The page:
FURTHER concerns have been raised about the standards of care at a home for vulnerable elderly patients following the death of a 90-year-old man.

FURTHER concerns have been raised about the standards of care at a home for vulnerable elderly patients following the death of a 90-year-old man.

Ringshill Nursing Home in Sallowbush Road, Huntingdon, had already been issued with a threat of enforcement proceedings if standards did not improve, and is being regularly monitored by the Care Quality Commission.

And last week it was revealed that Charles Day, a resident at the home, had died after trying to remove a catheter that had been inserted by a Ringshill nurse without his consent – and without a medical reason.

Mr Day, who served in the Royal Engineers during the Second World War, died of sepsis – blood poisoning – caused by the injuries he received trying to remove the device, an inquest was told last week.

The catheter had been inserted by Melanie Bardell, a registered nurse who had previously been dismissed from her job at Hinchingbrooke Hospital for gross misconduct.

She was arrested by police investigating Mr Day's death but no criminal proceedings were brought against her.

Sitting at Huntingdon Law Courts on Thursday (December 1), coroner David Morris was told by Mr Day's GP, Diana Hunter, that Mrs Bardell had asked her to bring up the subject of inserting a catheter with Mr Day.

She said the nurse commented that his room smelt strongly of urine and, because he used a mobile urinal, he often had wet clothes and a wet bed.

However, Dr Hunter said it was clear Mr Day did not want to use a catheter.

“He was quite clear that he didn't wish to have a catheter. He said 'no' and at that time I felt he had sufficient capacity to consent,” she said. “I didn't feel that I could overrule his decision at that time. His refusal was clear and unequivocal.”

Four Ringshill staff members were called to give evidence at the inquest, including care assistant Marina Broder, who said Mrs Bardell told her not to bother washing Mr Day on October 30 because she was going to insert the catheter.

Ms Broder said: “I asked how she was going to fit one and didn't she need consent? She said 'I will tell him the doctor said he needed to have one'.”

She described hearing Mr Day shouting and swearing while Mrs Bardell and senior care assistant Claire Lawrence were in his room.

“Melanie came out of the room and I saw her raise her fist and pump it in the air. I have seen her make this gesture before when she has achieved something” – something Mrs Bardell denied.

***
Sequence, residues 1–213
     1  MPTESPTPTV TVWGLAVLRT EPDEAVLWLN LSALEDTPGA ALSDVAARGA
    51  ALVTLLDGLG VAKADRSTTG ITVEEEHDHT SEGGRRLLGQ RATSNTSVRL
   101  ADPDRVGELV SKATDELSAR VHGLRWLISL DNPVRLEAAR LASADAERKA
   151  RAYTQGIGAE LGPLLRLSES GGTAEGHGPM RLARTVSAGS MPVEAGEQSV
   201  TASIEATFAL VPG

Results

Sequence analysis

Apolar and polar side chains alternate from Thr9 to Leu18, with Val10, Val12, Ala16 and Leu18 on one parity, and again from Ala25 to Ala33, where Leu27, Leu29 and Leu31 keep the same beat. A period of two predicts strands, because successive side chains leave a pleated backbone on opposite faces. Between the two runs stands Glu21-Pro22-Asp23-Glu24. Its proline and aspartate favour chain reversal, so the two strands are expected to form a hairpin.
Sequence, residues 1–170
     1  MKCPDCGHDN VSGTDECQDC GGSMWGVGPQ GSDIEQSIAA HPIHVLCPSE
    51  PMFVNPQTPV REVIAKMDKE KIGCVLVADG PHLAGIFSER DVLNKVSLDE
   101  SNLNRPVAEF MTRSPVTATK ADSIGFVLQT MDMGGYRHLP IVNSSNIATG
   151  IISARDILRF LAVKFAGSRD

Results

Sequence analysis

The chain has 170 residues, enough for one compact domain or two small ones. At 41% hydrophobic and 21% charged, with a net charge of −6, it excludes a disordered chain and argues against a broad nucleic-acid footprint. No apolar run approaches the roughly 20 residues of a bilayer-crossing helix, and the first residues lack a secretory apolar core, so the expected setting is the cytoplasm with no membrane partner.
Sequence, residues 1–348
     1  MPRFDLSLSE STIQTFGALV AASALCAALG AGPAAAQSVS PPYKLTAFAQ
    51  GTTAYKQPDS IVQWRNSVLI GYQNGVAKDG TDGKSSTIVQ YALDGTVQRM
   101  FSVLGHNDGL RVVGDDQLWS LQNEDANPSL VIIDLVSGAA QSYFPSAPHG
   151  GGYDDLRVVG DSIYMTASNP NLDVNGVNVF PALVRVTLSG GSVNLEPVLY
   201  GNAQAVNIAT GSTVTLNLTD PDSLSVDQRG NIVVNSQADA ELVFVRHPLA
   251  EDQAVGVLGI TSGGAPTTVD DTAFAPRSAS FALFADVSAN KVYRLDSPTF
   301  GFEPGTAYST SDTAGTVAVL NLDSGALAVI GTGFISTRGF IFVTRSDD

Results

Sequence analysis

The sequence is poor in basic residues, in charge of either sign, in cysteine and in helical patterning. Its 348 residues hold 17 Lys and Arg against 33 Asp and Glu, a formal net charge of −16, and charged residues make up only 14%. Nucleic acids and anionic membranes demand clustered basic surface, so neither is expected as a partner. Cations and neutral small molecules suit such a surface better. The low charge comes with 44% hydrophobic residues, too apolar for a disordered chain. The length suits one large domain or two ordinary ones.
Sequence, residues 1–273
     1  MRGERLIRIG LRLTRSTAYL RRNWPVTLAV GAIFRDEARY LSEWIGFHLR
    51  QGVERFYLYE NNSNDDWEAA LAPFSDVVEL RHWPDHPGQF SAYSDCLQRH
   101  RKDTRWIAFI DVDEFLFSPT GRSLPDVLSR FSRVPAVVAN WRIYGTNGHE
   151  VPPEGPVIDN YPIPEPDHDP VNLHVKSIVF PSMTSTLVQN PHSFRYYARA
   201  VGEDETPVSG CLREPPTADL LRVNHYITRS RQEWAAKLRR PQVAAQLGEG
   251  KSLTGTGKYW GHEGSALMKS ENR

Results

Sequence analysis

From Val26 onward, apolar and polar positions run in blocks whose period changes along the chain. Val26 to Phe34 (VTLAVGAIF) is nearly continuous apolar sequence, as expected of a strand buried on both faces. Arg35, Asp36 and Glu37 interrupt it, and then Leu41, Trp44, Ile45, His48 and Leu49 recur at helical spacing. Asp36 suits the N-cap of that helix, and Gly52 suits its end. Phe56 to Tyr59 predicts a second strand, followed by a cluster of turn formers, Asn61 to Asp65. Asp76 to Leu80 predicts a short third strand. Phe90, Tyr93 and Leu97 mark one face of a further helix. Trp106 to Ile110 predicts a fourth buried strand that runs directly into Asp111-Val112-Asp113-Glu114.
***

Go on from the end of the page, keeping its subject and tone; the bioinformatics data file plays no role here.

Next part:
Mr Day was discovered two days later bleeding heavily. His catheter was lying on the bedside table. He was taken to Hinchingbrooke Hospital where he died.

Claire Lawrence, who was also interviewed by police under caution, said she didn't help fit the catheter but helped Mrs Bardell wash and dress Mr Day. She said Mrs Bardell didn't make any jubilant gesture and she didn't speak to anyone about the procedure.

Despite Dr Hunter's evidence that she had not authorised a catheter insertion, Mrs Bardell claimed she had the doctor's consent but couldn't recall the exact conversation.

Paul Spencer, representing Ringshill owner Four Seasons Health Care, said Dr Hunter would have needed to have written a prescription for a catheter in order for the procedure to be carried out.

Mrs Bardell admitted she had not thought about the prescription and added “that is my failing”.

The coroner said he was satisfied that it was the removal of the catheter by Mr Day that caused the damage to his urethra and ultimately resulted in the sepsis that killed him.

But he added that he found it difficult to accept the evidence given by Mrs Bardell.

He recorded a narrative verdict and said: “Mr Day died as a consequence of an injury sustained when he removed a catheter which had been inserted two days previously without his consent and when it was not medically needed.”

Four Seasons Health Care said: “The manager and staff at Ringshill Care Home were shocked and distressed by the circumstances of Mr. Day's death and our thoughts are with his family. When concerns were raised with the manager about Mr Day's care, she rightly notified his family, the local authority safeguarding team and the police in line with our procedures and the home co-operated fully with the subsequent investigation. The wellbeing and comfort of our residents is our prime concern and it is our policy that a catheter may only be fitted for medical reasons with patient consent or in an emergency. We require that a catheter fitting is authorised and prescribed by a GP. Clearly there was a breach of our policy and our procedures were not followed, which resulted in very regrettable consequences.

“Nurse Bardell is no longer employed by Four Seasons Health Care. A care assistant remains suspended and is subject to an internal investigation.”